The Kerala Livestock Development Board (KLDB) is embarking on a project to set up small-scale piggeries in Idukki district, under plans for stock improvement and to meet the growing demand for pork in central Kerala.
The project, to be implemented under the Idukki package, involves promotion of homestead piggeries to produce seed stock and slaughter animals for farmers across the state. According to the KLDB, pig rearing is currently the most economical venture in the livestock sector because of the fast breeding rate and the spiralling price of slaughter pigs.
Minister for Animal Husbandry K.P.Mohanan said the Centre had granted approval for the Rs.36-crore project. He said it would be launched as soon as the funds were released.
A study commissioned by the Swiss Agency of Development and Cooperation in 1998 projected the annual demand for piglets in Kerala to be as high as 40,000. In the absence of adequate stock, farmers in the state have had to fall back on supplies from Tamil Nadu to meet the demand for pigs.
“The project is aimed at producing sufficient breeding herds that will ensure a steady supply of quality piglets for farmers”, says Ani S.Das, managing director, KLDB. Using a breeding stock of 600 sows, homestead piggery units set up by small farmers will produce 9600 weaned piglets a year. A litter comprises about 14 piglets. The animals gain up to 150 kg in six months.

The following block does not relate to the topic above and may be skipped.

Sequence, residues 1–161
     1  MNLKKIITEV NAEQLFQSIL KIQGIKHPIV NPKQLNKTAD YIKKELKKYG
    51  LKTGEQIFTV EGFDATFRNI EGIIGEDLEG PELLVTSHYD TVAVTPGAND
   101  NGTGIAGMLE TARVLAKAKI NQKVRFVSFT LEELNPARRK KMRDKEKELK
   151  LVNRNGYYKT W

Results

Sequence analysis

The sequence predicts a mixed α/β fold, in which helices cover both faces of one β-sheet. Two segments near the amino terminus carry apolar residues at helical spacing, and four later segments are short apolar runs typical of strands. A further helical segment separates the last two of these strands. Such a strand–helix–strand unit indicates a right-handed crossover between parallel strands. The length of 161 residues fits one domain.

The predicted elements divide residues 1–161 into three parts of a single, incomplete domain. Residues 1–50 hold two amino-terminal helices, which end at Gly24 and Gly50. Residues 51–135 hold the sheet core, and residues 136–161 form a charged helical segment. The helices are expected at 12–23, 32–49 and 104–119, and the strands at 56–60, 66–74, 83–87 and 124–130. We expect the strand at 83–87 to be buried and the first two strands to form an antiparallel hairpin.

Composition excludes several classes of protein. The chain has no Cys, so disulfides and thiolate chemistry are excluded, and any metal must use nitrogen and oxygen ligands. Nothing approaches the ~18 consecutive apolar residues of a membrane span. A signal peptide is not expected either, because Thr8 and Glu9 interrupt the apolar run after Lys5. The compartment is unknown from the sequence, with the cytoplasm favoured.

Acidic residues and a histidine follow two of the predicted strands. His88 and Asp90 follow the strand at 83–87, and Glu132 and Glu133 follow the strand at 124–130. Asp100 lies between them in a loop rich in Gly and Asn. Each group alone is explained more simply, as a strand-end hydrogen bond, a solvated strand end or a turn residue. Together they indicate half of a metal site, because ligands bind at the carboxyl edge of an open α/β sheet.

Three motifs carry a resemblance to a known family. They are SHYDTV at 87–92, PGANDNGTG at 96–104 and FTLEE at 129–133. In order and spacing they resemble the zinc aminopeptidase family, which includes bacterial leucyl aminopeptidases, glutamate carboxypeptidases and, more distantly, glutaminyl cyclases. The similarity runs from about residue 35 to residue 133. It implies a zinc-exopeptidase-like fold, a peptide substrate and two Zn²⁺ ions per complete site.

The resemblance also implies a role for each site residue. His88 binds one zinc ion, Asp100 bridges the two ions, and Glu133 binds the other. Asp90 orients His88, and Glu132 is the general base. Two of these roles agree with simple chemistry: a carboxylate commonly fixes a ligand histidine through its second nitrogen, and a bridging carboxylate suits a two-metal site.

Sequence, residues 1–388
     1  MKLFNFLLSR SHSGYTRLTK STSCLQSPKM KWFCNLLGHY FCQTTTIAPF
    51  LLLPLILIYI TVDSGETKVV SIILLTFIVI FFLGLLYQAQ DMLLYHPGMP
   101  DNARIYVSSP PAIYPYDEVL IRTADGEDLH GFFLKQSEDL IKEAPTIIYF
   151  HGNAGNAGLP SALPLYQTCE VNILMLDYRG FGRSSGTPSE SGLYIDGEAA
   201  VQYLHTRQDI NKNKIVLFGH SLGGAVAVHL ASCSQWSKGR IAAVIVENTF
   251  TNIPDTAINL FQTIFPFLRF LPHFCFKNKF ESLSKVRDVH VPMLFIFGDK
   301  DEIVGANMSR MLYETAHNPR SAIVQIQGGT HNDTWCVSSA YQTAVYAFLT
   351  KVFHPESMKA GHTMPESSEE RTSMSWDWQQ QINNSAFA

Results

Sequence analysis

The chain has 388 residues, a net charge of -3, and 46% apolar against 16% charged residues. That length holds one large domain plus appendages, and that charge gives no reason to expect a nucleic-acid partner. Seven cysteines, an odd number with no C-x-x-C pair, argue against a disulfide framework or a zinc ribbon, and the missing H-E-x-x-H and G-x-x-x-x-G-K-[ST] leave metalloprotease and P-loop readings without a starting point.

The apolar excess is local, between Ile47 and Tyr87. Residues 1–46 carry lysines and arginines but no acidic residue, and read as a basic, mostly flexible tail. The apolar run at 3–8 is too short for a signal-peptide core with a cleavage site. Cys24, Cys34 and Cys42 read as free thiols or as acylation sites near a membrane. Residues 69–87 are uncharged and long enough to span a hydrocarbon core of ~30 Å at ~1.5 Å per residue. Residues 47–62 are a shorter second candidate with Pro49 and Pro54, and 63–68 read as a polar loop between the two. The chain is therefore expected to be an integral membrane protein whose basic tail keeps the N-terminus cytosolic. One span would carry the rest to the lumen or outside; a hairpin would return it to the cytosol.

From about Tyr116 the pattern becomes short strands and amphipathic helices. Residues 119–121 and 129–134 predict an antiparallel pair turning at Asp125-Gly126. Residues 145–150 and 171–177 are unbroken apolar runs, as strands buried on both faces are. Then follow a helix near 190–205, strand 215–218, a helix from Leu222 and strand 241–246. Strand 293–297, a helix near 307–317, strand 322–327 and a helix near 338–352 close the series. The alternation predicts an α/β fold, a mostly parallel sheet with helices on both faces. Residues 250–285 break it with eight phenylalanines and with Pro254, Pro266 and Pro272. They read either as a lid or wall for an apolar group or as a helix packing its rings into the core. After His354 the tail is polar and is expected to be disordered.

The project envisages a total of 4,000 piggery units comprising three sows each. As the coordinating agency, the KLDB will procure the breeding stock from the nucleus farm set up at Koothattukulam as a joint venture with the Meat Products of India (MPI), and the farms of the Animal Husbandry Department and Kerala Agricultural University.
The KLDB- MPI nucleus farm is equipped with three European breeds- Largewhite, Landrace and Duroc. Females hybridised from two of the three species will be used as breeding stock while males from the third line will be used for production of fattening stock. The nucleus farm will produce 625 sows every year for breeding.
Dr.Das said the KLDB would provide technical assistance in setting up piggeries. “We also provide the design for the pig sheds to be set up by farmers. The design has been chosen to ensure maximum cleanliness and hygiene. There will be different pens for sows, boars and weaned piglets, and a biogas unit to handle the waste.”
The Minister said the government had decided to set up small-scale units to ensure sustainability and avoid the pollution problems caused by large pig farms. The proposed piggeries will use swill feed comprising leftovers from hotels, slaughterhouses and food processing industries, thereby helping in solid waste management, currently one of the burning issues faced by the state.
Each piggery unit is estimated to cost Rs.90,933, out of which Rs.47,507 will be subsidy and the rest, bank loan. According to the project report, a beneficiary farmer can expect an annual profit of Rs.52,000 from the sale of piglets. The MPI has worked out a mechanism to buy back the piglets from farmers. The price would be periodically revised.
Dr.Das said the demand for pork was showing an upward trend in Kottayam, Ernakulam, Idukki and Thrissur districts. “The project is ultimately aimed at tapping this growing market”.